The Man in Our House Was Not My Grandfather After All (Part I)March 23rd, 2007
by Emma Ashwood
One of the strangest things about life is the way that it rewrites itself. One moment, there you are, with the facts of your existence spread out in front of you, tidy and accessible, like a picnic on a blanket.
Perhaps you look away. And when you look back, everything is different. Rearranged by a glittering train of ants.
It’s a little Alice-In-Wonderland. It’s a little unnerving. It seems to happen all the time. Here’s an example.
My mother and my granddad, who turned out just to be a nice old man who lived with us
Growing up, I had two surviving grandparents. My father’s mother. And my mother’s father. The latter, my granddad, had lived with us for as long as I can remember.
Pipe in mouth, he sat watching TV, patting out embers that sparked on his cardigan and trousers. He did not take part in the life of the house. He was unpredictable. And grew more so. After a while, he ventured less out of his room. He became reclusive.
My parents used to argue about him. My dad was afraid he would set the house on fire. Left alone, chaos would unspool from his fingertips. Left alone, he would rather starve than eat. By the time I was in my late teens, he had not left his room for half a decade. He was diagnosed with emphysema. My mother nursed him day and night. He was a dying ghost, haunting our house.
I felt guilty. I think I was afraid of him. Afraid of his sickness. The phlegm on the floor. The way he’d stop mid-conversation and look fixedly out of the window, chewing emptily.
After he died (aged 89), my mother said something odd. She said she didn’t think that he was her father. We thought it was the grief. But that wasn’t it. She was able to be honest with herself for the first time.
it was odd to think that the man she had nursed for so many years had kept a lifelong secret. But she was right. As it turned out, my mother had been adopted. She was 51 when this was confirmed with a birth certificate.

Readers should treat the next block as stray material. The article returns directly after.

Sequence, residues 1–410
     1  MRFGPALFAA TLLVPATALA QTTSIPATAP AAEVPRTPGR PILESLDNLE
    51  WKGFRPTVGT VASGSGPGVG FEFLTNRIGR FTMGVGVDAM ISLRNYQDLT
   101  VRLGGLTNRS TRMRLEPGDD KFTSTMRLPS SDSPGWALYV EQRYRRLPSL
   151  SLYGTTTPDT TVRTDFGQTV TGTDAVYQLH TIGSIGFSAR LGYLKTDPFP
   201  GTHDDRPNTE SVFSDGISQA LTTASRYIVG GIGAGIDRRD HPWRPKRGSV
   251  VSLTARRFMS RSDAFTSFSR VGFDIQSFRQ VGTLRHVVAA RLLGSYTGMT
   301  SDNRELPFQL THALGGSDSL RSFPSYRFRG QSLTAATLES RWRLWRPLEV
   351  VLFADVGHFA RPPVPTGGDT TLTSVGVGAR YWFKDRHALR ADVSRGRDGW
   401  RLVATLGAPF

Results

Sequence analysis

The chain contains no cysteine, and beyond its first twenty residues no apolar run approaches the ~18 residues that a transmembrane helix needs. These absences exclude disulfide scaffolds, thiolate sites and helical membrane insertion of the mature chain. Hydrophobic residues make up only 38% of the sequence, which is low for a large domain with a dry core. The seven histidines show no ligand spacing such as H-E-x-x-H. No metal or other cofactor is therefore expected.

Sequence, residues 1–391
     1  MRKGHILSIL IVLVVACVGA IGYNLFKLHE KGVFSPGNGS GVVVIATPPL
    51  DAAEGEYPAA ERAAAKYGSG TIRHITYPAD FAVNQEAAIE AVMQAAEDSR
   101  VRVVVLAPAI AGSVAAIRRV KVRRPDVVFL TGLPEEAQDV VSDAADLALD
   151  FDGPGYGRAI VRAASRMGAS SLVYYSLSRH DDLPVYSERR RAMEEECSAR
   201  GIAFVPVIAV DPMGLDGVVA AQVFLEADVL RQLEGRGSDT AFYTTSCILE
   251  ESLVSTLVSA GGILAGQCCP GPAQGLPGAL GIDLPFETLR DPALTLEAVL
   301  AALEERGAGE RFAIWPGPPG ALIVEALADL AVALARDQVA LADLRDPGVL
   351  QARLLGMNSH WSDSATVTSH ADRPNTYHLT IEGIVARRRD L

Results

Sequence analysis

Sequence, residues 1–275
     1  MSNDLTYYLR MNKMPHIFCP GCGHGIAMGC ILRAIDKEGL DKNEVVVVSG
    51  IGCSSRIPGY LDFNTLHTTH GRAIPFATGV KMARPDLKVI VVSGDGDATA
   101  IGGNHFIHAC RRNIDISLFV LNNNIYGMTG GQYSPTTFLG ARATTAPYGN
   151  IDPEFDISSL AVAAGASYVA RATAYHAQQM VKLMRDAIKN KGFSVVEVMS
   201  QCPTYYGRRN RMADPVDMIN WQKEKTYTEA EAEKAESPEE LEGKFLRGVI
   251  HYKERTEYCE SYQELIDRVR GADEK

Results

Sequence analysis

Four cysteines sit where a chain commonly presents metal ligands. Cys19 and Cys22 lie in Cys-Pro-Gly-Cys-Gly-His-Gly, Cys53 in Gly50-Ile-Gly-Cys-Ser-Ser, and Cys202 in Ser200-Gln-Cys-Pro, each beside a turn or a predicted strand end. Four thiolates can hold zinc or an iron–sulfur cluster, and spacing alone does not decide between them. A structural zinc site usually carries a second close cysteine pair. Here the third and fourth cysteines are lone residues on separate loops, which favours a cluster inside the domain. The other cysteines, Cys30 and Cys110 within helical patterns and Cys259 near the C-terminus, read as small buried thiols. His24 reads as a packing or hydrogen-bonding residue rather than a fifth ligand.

The birth certificate gave her a surname, the name of a village and an itch to investigate. But who would be there fifty years later?
My parents visited the place. They walked through the churchyard, looking for gravestones bearing the family name. There was little to find. They knocked at the church door, hoping to see old Parish records. No-one answered. My parents weren’t really expecting anyone to do so.
They were leaving when a cottage door opened. A man emerged onto the doorstep, a shocked expression on his face. He said to my mother, “You had better come in.”
We had always believed that my mother was English. We thought she was born in North London to a couple in their early middle age. We believed that she was an only child.
As it turned out, not one of these things was true.
This is my real grandfather.
My real grandfather who is faintly reminiscent of someone famous
He was Italian-American, lately from California. I can’t tell you his name (but it wasn’t Elvis). He served in the US Army in the Second World War. He was stationed in a small village in England. He met a girl. I can’t name her either. She became pregnant. Her family hushed it up.
The man who had come to the door was a relative.
He and his wife had spotted my mother walking through the village. They had never seen her before but they knew exactly who she was. The family secret had come home.
Of course, that was only half the story. As my mother sat drinking coffee in their sitting room, in this suddenly-arrived mirror world, they told her that she had a brother - a full brother, who didn’t know she existed. What was more, his mother had given him to his aunt as a baby, so he’d grown up believing his aunt was his mother and his mother his aunt.
Let’s go back to the 1940s. The Italian-American soldier had made his English girlfriend pregnant. Her family wanted to hush it up. She gave birth to a little boy. The family arranged that the baby be given to her married, older sister to bring up.
It was the way of things during the war, during the 1940s. Apparently, it happened a lot.
Eventually, the soldier returned to California. But their affair had continued until the time he left, in spite of the re-housing of their son. And before they said goodbye, she was pregnant a second time.
Her family was horrified. There was no space and no money to bring up a second baby. They sent the mother-to-be to a tiny village in Wales to have her daughter. They had the baby – my mother – adopted by a middle-aged couple in London. And then everyone kept quiet for 50 years.
People were good at keeping secrets then. They must have been. To divide a brother from his sister and never tell one about the other. To keep the secret of a second child from a father. To pretend that a son was a nephew.
I don’t understand it. The characters alienate me. They are thin, inexplicable figures. I feel the urge to fictionalise. To ascribe motive and feeling. But I can’t do that without apportioning blame. Instead, I worry over the events like beads.
So, my nationality and family were somewhat different to what I’d thought. My mother had a new identity and a brother.
But that wasn’t the end of the story. And things hadn’t even begun to get weird.
Got 23 seconds to spare? Read my 7-line story in Opium Online.